The artist began an earlier version of the same motif in a work also entitled Bridge (1956-57) for Irving Sandler's seminal article on the artist in "Mitchell Paints a Picture" that was published in the October 1957 issue of Art News. Reaching artistic maturity in 1955-57, paintings such as this and its subsequent incarnation in the present work, herald Mitchell's arrival as a second generation Abstract Expressionist. In its diptych format, The Bridge displays a decisive structural clarity that balances the energetic, muscular armature of brushwork. It masterfully combines such bravado with areas of surprisingly delicate touch and measured color. Its predominantly white palette features black interspersed with highlights of blue, green and red, vaulting through the canvas and cut in turn by the brilliant white. The resulting play between colors confuses conventional figure-ground relations and alternately suggests layers of compressed space and the facture of paint revealed on the surface.

Mitchell began the extensive use of white in 1956, stating that that painting without it would be like "planting a garden without plants." It enabled her to produce paintings primarily about figure-ground tensions and also to explore different ways of defying the traditionally static relationship between positive and negative space. As Bernstock writes: "feathery lines cutting through the white break it up into compartments that appear to be positive shapes in one moment (as in de Kooning's Excavation and Attic, 1949) only to be negated by scatters dabs of brilliant color in the next moment." (Ibid. p. 39-40).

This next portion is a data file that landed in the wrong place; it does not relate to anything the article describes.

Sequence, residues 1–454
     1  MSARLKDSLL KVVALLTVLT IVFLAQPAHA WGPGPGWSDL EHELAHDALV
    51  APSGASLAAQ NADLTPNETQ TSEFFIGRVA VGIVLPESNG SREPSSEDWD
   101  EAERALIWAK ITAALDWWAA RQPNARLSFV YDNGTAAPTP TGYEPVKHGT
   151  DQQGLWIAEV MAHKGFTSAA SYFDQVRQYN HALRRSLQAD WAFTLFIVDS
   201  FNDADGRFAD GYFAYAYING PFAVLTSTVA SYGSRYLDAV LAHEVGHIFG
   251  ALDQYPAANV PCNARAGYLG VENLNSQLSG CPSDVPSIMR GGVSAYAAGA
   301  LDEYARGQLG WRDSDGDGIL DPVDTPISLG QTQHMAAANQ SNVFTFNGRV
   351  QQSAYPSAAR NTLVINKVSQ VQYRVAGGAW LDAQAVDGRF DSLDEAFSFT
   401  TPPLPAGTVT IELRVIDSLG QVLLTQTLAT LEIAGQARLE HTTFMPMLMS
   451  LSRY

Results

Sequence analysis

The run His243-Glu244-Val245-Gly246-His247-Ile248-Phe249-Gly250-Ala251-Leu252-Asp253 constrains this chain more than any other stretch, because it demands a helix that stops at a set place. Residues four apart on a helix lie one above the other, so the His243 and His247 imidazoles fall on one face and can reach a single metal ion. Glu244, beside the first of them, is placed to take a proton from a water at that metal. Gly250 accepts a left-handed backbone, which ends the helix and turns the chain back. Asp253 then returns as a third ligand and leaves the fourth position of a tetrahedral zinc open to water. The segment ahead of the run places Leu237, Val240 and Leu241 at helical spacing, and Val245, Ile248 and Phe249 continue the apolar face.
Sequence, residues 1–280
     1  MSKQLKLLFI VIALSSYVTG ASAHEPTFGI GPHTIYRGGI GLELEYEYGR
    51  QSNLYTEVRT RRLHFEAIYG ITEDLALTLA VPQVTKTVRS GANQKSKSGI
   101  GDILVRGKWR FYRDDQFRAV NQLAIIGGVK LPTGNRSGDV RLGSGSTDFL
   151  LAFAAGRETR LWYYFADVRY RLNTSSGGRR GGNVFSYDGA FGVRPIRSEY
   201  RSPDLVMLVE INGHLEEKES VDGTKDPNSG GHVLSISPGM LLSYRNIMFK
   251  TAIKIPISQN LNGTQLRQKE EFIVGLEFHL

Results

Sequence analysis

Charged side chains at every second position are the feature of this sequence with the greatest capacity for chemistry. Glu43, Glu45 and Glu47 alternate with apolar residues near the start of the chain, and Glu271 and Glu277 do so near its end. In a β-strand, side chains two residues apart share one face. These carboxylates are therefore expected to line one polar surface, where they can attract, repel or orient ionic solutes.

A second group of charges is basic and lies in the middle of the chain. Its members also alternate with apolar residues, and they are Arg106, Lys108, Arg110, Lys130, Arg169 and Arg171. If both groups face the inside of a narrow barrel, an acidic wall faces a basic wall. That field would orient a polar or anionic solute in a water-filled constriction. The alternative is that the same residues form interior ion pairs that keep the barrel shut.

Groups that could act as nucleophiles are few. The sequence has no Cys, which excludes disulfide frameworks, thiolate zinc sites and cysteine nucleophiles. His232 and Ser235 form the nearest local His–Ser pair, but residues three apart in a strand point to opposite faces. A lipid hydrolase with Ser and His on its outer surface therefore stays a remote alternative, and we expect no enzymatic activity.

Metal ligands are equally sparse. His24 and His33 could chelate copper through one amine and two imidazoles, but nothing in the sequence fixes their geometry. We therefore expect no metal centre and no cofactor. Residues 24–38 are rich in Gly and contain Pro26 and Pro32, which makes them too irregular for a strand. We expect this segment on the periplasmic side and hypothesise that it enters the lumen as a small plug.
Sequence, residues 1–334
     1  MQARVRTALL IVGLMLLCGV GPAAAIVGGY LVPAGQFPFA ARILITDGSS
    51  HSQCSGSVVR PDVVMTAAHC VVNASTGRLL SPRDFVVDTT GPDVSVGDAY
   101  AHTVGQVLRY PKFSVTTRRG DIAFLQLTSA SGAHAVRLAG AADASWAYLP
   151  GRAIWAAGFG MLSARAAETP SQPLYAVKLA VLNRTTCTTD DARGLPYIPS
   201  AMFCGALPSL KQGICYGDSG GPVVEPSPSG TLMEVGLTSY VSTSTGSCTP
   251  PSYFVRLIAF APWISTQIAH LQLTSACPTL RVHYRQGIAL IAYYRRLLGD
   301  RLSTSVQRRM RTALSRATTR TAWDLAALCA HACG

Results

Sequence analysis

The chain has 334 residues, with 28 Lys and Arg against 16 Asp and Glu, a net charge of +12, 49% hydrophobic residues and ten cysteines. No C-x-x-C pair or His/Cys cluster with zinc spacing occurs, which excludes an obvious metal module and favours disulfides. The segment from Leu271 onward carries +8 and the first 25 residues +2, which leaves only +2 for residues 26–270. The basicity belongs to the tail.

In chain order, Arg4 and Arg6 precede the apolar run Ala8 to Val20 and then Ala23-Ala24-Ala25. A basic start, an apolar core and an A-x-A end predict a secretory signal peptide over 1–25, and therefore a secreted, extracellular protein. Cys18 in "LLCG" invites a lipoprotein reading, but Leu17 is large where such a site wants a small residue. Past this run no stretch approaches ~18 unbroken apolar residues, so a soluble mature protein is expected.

The example of Willem de Kooning is instructive as Sandler notes that Mitchell's concern with space at this time was, as in the case of the older artist, rooted in the impact of the city. Indeed, the explosive energy inherent in The Bridge is prevented from bordering on chaos through the stabilizing architectonic structure that is especially evident in the panel on the left which contains a broad horizontal suggestive of the titular construction. Her work finds additional affinity with Franz Kline's abstract urban impressions of infrastructure, particularly in the older artist's active use of white which overlaps and co-mingles with black, a color that Mitchell wields in The Bridge to evoke the gritty metropolis. While in dialogue with her forbears, Mitchell's poetic use of color, feathery touch and daring format reveals her distinct chromatic, textural and compositional tendencies.

Bathed in lambent light and airiness while simultaneously evoking the grit of urban reality, The Bridge is a lyrical evocation of a treasured memory filtered through the present act of painting. It is an important work from the artist's mature oeuvre.